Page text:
The holiday mistletoe, love songs, and New Year’s Eve parties conjure up the allure – and the drama – of dating. Who are you dating? Who do you want to be dating? Who will you be dating in 2015? And, if you’re married, how will you reaffirm your marriage in 2015?
What does all this have to do with nonprofits and fundraising? Well, we want you to have a happy love life, and we want you to enjoy your nonprofit relationships, especially your partnerships and collaborations. While there is a lot of pressure this time of year to be in a relationship, that isn’t always the right thing for everybody. Healthy relationships are characterized by love and mutual respect. There’s also pressure for nonprofits to partner and collaborate, but as with people, it has to be a right fit.
The end of the year is a good time to reassess, recommit or plan for a mutually agreeable dissolution. Consider the following as you make your assessment: what were the objectives of the relationship when it began? Have the initial expectations been met? Did the relationship help your nonprofit increase revenue? Did it help reduce costs through joint purchasing or shared resources such as facilities, personnel, services, or joint fundraising? Were you able to allocate the time and personnel required for the collaboration to thrive, or did these relationships tax your organization in terms of time and money? Were they more of a distraction than a benefit? Were these relationships like a planned marriage, begun with the encouragement of a foundation or funder? Has a love grown? Or did mutual attraction ignite both parties from the beginning?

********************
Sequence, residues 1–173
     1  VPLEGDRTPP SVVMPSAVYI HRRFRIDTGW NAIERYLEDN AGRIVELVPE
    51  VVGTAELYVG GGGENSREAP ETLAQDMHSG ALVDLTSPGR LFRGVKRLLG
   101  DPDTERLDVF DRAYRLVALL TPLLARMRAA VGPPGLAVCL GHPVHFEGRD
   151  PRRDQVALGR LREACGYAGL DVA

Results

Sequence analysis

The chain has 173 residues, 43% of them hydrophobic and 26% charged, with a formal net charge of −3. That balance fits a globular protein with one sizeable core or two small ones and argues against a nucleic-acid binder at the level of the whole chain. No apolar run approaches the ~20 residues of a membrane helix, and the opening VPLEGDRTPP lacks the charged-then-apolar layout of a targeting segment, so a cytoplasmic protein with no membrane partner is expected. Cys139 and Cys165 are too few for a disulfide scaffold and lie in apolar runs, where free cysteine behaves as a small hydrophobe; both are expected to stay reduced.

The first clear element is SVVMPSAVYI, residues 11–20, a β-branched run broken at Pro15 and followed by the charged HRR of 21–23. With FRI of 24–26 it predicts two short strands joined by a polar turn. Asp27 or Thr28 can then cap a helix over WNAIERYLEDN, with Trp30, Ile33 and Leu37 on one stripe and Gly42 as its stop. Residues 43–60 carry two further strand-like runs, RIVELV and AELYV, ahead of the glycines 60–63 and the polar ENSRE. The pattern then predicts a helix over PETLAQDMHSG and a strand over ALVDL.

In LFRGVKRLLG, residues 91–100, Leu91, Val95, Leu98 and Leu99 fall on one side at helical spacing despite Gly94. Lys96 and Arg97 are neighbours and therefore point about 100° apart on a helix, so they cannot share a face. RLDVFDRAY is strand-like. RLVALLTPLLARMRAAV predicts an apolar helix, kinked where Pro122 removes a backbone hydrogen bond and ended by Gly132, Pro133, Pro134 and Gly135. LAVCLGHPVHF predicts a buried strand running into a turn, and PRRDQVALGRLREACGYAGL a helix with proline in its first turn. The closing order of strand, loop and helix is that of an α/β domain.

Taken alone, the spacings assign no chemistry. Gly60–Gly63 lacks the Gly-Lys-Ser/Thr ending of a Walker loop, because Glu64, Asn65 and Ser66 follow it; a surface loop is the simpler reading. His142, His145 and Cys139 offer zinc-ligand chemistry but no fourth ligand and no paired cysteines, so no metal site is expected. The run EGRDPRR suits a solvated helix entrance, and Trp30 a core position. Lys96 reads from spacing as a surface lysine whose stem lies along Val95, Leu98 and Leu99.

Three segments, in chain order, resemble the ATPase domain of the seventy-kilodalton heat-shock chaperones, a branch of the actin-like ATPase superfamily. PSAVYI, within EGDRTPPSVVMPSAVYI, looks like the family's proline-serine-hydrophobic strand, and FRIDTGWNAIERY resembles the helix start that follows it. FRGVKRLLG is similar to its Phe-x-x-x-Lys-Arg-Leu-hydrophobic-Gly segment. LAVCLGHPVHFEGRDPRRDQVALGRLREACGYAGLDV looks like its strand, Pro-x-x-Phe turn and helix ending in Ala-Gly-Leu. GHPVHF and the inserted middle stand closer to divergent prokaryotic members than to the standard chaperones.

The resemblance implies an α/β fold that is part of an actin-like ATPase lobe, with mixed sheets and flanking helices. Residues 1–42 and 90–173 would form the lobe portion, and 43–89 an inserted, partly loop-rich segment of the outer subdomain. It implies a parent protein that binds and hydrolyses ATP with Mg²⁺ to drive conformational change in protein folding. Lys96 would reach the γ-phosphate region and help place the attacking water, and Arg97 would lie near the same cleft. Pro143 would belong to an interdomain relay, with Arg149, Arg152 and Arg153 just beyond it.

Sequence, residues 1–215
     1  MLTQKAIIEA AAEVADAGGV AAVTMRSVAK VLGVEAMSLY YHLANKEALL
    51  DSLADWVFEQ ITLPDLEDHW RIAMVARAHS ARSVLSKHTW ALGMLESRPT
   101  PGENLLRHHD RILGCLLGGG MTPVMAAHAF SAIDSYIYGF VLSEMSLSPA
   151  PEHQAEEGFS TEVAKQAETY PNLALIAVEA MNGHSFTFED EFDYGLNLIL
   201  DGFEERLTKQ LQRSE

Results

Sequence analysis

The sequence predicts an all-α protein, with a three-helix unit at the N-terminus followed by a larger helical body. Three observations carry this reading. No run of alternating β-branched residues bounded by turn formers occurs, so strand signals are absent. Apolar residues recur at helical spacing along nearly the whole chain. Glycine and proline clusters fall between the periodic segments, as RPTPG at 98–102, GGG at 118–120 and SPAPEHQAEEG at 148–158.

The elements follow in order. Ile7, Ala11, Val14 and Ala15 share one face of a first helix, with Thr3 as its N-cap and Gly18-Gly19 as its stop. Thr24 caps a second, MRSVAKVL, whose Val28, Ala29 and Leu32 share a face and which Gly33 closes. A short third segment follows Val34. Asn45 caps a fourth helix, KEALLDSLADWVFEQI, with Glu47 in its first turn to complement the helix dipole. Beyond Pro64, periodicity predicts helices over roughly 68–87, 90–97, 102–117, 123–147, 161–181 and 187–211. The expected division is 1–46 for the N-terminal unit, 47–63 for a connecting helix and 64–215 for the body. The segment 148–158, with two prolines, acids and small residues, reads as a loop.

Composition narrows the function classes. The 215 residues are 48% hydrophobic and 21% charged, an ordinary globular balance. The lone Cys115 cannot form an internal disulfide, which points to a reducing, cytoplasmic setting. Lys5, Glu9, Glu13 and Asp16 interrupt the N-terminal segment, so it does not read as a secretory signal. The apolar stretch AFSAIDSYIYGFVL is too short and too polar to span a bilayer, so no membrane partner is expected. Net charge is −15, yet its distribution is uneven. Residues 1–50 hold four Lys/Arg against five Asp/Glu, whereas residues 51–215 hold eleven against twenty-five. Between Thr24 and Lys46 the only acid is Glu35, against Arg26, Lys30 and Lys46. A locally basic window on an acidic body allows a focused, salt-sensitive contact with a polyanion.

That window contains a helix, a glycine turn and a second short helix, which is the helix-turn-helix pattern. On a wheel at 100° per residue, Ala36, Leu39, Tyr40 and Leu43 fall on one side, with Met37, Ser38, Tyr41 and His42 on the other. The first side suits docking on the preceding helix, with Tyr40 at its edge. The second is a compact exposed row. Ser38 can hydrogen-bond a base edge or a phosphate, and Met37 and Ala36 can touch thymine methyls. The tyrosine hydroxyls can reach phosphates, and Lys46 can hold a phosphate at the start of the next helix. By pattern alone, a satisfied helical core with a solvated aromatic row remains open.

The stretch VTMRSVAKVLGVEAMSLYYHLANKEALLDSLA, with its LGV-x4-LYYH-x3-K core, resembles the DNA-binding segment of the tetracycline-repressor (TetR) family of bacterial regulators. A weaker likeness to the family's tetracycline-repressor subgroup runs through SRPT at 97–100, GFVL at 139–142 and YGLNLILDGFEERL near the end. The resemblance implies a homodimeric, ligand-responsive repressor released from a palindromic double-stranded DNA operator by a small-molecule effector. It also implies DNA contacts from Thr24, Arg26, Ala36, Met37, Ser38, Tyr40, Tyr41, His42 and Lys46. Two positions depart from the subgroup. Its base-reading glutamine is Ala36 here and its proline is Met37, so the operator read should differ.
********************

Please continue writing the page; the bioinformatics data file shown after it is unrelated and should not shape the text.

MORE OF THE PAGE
While mutually beneficial, well-managed partnerships and collaborations can put your nonprofit at the head of the class, those that are a burden or take your nonprofit off course should be reevaluated. You may not have formed the right relationship. Related to this, it is okay if you are not a part of a partnership or collaboration, especially if such a relationship isn’t in line with your vision or if a prospective partner just isn’t a match. Being in the wrong relationship can be more of a negative than a plus if all parties are not in sync.
Here are our thoughts. Aim for mutual benefit. Question your motives: is the partnership for show, or for real? What is the substance of the relationship? Do your collaborations help your organization meet its goals and bring its mission to life? What about the goals and mission of your collaborators? Has the relationship changed over time? Is the vision that brought you together one that continues to inspire all parties, or are you staying together “for the children” (i.e. for a funder)?
Whether your nonprofit is single, dating or married make the most of the coming year.
Merry Christmas! Happy New Year!
Image courtesy of Stuart Miles at FreeDigitalPhotos.net
Mel and Pearl Shaw are the authors of “Prerequisites for Fundraising Success” and “The Fundraiser’s Guide to Soliciting Gifts.” They provide fundraising counsel to nonprofits. Visit them at www.saadandshaw.com. Follow them on Twitter: @saadshaw.